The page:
Buying a used convertible is something a lot of people do every single year, and most typically, in the summer months when it’s time to enjoy the outdoors as much as possible. Just like any used car, however, buying a used convertible should still be taken with caution. Any car can have issues but adding a wholly unique system of working parts on top of the usual facilities of a car only means even more that can go wrong. This is where thinking about what you’re doing and what to look out for really does help you out.
General Car Considerations
The first place to think when you’re buying a used car is what you actually want from the car itself. There’s more to cars than just the type of roof that it has after all. Each of these can really make or break the car that you choose to buy.
Boot space is one of the quickest things to be impacted by a convertible. Having that folding roof system means that there has to be space in the car to be able to store it, after all. That means in almost every case, there’s less boot. If you want to get that space back to a practical level, it may be time to start looking at bigger models of convertibles, and maybe something less sporty.
Engine size is a huge part of any car buying decision. Convertibles tend to be small, speedy sports-based cars since these are the most fun to drive for a lot of people. Convertibles cater for that, too. You can get anything in a convertible, from a ford KA to a range rover sport, and the difference in engine size can really make your head spin. Make sure you don’t get too caught up in the excitement and that you buy a car that’s actually suited to you and your driving needs, as well as what it will cost to run.
In just the same way as boot and engine sizes, it’s pivotal to remember that you need to think about the number of seats that you want as well. Is it going to be used just for fun during Sunday driving between you and your partner? Taking the kids on a road trip? Just you, cruising the motorways? There are different sized convertibles to cater to all of it.
Type of convertible
Lastly, it’s essential, maybe above all else, to think about the type of convertible that you are going to buy. More specifically, if you are going to buy a used convertible, do you want a hard or soft top? They have pros and cons after all. Hardtops may take up more boot space, but be much safer to park. Soft tops may be much easier to break into if you’re leaving them on a street, but may be much easier to convert, and may not need the complicated electronics a hard top does.
Things to Inspect on the Convertible
Once you have actually picked the kind of car that you want to get, it’s time to dig a little bit deeper. When you’re buying a used convertible, you still need to check everything you normally would when buying another car, and even more.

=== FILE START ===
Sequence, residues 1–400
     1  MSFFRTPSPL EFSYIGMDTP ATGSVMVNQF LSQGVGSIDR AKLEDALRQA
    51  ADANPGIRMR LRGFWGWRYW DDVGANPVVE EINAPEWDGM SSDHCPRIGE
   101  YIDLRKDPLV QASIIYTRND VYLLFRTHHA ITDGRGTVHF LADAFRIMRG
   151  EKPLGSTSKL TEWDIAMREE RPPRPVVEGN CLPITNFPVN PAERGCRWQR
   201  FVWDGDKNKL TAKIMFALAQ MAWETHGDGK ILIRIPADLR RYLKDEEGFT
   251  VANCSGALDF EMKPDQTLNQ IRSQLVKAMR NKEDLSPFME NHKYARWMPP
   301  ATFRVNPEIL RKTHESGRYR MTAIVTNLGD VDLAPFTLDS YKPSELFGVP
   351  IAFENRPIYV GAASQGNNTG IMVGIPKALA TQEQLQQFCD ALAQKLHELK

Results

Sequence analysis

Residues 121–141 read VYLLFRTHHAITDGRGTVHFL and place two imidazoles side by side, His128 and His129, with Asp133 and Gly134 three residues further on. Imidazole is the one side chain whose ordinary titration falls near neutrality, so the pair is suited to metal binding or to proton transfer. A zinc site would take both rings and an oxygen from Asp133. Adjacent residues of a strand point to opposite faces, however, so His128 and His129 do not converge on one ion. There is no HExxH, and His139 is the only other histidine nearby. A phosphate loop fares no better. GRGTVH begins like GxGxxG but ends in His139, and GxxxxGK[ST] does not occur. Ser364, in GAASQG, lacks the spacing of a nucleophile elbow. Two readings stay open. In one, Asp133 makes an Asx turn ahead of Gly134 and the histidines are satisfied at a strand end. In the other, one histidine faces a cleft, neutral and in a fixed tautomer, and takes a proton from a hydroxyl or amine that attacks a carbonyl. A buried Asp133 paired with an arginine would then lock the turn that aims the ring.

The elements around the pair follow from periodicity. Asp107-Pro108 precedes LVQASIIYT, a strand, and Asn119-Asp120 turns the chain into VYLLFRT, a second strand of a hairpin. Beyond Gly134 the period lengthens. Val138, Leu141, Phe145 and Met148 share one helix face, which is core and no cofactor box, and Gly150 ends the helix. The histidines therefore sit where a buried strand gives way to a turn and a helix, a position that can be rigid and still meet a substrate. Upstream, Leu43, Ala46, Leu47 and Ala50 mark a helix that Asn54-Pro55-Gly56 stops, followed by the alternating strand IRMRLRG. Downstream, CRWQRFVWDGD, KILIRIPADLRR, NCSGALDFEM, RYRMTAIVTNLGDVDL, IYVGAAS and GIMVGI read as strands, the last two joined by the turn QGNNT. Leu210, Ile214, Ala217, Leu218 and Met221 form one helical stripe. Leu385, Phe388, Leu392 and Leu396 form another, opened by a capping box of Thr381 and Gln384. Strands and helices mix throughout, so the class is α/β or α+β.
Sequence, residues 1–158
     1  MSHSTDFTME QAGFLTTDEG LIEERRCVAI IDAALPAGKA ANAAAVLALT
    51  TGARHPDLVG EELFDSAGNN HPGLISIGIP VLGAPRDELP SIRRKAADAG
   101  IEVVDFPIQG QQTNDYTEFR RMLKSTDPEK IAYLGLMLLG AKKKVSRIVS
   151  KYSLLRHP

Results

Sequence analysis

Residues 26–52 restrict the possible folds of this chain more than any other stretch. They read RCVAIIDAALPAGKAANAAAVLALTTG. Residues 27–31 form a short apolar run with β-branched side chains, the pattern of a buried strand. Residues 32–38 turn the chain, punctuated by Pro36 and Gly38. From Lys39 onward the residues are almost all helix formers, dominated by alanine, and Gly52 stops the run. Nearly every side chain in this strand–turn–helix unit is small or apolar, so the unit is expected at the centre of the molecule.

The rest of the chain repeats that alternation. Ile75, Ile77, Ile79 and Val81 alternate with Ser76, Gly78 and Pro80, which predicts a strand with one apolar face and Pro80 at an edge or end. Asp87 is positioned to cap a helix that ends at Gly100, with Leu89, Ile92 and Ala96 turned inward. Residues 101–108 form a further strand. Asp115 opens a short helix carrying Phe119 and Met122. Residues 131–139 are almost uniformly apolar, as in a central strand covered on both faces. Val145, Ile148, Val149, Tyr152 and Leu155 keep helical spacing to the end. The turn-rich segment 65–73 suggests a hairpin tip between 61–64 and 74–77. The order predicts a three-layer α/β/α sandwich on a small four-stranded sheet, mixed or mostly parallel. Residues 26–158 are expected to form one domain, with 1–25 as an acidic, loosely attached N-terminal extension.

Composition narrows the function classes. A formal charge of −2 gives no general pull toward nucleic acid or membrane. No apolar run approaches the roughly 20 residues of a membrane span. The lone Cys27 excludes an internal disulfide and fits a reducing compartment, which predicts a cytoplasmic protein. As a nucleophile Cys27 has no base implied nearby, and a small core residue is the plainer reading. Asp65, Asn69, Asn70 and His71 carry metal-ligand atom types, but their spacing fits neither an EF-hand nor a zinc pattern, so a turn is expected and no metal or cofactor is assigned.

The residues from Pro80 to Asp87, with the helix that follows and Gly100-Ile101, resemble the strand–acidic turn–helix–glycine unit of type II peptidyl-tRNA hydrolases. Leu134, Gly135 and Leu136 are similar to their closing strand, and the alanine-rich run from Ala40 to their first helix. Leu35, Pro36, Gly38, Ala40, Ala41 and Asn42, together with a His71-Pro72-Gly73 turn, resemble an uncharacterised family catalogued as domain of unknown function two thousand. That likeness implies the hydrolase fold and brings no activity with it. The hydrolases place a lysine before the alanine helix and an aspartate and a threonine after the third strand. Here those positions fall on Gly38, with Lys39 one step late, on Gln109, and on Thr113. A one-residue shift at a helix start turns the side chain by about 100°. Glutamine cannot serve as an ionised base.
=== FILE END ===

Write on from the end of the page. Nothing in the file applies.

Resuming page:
Electric functionality (speed, sound, button functionality)
If a convertible uses an electrical conversion system, i.e., a button or switch that changes the roof placement, you need to make sure it works. Properly, at that. Test it more than anything else. Make sure that it’s relatively seamless. Any juddering, loud noises or sticking means that there could well be a big problem with the roof, and that can be a deal-breaker. Electrics is rarely an easy thing to fix, and could cost you more than the car is worth if it’s an especially complicated process.
Converted Roof Health
On top of the electrical systems that go behind checking a convertible before buying it, checking the condition of the roof itself is also essential. If it’s a soft top, check for things like marks or holes in the material, or where it might have perished over time. If it’s a hardtop, perhaps check for scraping or where things aren’t fitting together as they should. It might not be watertight. Either way, also make sure you check from proper latching and unlatching. This can make the whole thing a real pain if it doesn’t fit right.
Since you’re buying a car without a constant roof with a convertible, many cars have a similar problem in having a lack of sturdiness when in motion. The lack of a fixed roof means the chassis may isn’t as supported as it should be. If it’s been exposed to years of wear and tear, then it can amplify. The result can be a very uncomfortable and shaky ride at best or a dangerous vehicle at the worst.
The car as a whole
Finally, as with all cars, don’t forget to check the rest of the vehicle too. Experts like CarExamer do this for you, but if you do want to do it yourself, don’t forget all of the usual suspects, like:
The list goes on, but any used car can be an accident waiting to happen, and for the small price of an inspection, it could be worth having it checked out since they are such a low price.